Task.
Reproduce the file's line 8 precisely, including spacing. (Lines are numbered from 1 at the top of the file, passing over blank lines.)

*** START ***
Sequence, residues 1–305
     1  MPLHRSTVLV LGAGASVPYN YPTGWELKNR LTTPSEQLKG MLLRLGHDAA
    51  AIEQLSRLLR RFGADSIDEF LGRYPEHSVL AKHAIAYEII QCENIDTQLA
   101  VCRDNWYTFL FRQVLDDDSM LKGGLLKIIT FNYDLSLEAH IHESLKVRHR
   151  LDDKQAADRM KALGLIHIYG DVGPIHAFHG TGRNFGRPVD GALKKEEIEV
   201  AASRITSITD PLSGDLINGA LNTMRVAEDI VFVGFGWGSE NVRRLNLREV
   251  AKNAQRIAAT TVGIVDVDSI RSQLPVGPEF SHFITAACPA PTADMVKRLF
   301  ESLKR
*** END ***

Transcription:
   301  ESLKR